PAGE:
One of the more striking visuals of the current coronavirus pandemic is the lack of vehicles on New Mexico roads and throughout the country. During the first week of April alone, passenger vehicle travel throughout the U.S. cut nearly in half when compared to early February.
The drop in traffic has resulted in auto insurance costs falling due to insurance providers reducing their rates and even returning money in the form of checks or credits.
Credits and refunds in a time of crisis
While the extra money is helpful to those laid off or furloughed from their jobs, the amount of cash does not seem to line up with the actual reduction of traffic accidents. In metropolitan areas such as Washington, D.C., and New York, crashes were down 30% in March compared to the same time last year. Stay-at-home mandates were not imposed until late March, meaning that April’s discounts should be more substantial.
Depending on the insurance company, drivers could see future bill credits and refunds ranging from $20 to $50 per vehicle. Many insurers are offering future rate cuts, but the specifics are not clear. An added benefit is that insurers are letting customers delay payments by a month or more, with some deferring and spreading out payments for the remaining time that the insurance policy is active.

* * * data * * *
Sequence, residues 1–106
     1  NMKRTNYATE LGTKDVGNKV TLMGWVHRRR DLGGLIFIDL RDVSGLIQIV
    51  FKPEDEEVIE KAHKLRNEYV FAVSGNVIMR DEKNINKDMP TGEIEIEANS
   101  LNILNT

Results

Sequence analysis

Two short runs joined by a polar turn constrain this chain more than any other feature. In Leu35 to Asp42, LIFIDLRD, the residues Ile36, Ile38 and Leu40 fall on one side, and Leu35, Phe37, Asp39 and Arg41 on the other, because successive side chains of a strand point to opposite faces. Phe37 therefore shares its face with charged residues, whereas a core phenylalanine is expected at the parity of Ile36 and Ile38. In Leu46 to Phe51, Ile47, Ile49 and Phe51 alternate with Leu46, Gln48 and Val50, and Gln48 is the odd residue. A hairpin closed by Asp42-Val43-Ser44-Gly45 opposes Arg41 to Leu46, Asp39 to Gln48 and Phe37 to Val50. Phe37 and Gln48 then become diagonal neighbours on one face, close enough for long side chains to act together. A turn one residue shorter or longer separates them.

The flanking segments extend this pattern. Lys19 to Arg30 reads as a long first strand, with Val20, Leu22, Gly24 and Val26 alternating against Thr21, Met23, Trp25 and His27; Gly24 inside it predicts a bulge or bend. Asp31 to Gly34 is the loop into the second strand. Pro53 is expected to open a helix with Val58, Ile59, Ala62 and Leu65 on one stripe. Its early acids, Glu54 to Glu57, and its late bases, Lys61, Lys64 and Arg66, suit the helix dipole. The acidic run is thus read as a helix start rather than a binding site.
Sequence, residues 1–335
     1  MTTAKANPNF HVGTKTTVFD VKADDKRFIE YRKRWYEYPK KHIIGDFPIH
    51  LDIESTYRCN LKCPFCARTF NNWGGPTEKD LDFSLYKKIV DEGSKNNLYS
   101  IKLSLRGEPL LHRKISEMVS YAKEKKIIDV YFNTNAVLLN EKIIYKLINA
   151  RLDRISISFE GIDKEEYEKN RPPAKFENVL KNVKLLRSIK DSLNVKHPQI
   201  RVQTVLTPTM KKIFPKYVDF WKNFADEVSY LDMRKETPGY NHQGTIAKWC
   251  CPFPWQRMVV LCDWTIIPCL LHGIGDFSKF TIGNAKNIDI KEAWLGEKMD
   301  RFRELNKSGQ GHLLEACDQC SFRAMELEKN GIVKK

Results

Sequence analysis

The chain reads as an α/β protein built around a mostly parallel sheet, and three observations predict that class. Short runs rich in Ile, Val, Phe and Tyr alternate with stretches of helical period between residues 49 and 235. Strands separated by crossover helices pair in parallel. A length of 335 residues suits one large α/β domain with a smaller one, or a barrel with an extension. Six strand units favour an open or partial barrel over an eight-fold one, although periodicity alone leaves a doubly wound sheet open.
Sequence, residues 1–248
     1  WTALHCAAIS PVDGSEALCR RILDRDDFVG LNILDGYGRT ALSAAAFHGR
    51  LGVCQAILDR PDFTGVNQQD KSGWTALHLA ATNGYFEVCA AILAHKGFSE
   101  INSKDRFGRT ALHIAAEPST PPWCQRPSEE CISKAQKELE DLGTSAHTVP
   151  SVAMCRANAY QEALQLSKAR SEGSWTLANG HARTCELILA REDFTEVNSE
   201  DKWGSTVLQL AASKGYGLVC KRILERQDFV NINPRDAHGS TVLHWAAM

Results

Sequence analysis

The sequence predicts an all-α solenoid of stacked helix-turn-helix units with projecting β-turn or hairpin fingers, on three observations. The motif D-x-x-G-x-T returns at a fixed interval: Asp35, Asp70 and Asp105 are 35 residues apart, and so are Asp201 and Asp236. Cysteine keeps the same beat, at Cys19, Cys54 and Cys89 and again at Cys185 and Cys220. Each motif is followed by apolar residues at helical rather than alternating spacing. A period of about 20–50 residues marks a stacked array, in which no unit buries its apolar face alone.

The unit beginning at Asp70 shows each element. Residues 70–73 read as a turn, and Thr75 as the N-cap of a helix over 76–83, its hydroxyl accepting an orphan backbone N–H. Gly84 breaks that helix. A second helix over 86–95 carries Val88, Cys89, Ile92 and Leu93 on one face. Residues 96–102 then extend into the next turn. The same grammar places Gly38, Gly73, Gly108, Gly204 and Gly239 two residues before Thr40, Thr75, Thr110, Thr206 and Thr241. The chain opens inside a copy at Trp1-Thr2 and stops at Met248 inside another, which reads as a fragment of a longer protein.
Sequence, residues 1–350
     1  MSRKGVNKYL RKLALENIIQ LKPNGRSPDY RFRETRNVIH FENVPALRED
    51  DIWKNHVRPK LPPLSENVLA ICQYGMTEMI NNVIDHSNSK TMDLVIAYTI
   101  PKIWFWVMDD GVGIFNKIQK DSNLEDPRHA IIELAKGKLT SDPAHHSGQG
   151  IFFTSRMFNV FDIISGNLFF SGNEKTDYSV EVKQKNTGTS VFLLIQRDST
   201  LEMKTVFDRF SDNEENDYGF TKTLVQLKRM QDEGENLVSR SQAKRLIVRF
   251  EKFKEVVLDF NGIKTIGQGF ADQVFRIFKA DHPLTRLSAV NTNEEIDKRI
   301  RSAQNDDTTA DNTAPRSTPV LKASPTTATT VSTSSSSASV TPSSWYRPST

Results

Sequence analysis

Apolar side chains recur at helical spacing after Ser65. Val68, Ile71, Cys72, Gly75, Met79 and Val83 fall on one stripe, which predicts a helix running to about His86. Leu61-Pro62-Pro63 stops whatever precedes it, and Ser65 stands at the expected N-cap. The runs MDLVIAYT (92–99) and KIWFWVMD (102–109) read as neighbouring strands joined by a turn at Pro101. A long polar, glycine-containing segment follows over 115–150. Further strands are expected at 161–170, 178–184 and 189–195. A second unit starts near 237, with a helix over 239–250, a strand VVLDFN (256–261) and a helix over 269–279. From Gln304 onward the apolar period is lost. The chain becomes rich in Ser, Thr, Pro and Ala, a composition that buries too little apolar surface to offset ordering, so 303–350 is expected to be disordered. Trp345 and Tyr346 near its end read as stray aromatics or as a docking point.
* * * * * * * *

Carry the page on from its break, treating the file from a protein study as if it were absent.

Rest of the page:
However, not driving does not mean that the policy is useless or unnecessary. Canceling or allowing it to lapse to save even more money could backfire, as restarting insurance can result in additional charges, negating any benefit from the refunds and credits.
Uncertainty continues amid the current global pandemic. With vacation destinations still shuttered or starting to reopen slowly, reduced traffic could last well into the summer, bringing the potential for additional discounts. However, prolonged lockdowns beyond the summer may see insurance costs rise due to disruptions in the supply chain of collision repair parts.
As with everything about the coronavirus pandemic, what we don’t know continues to exceed what we do know.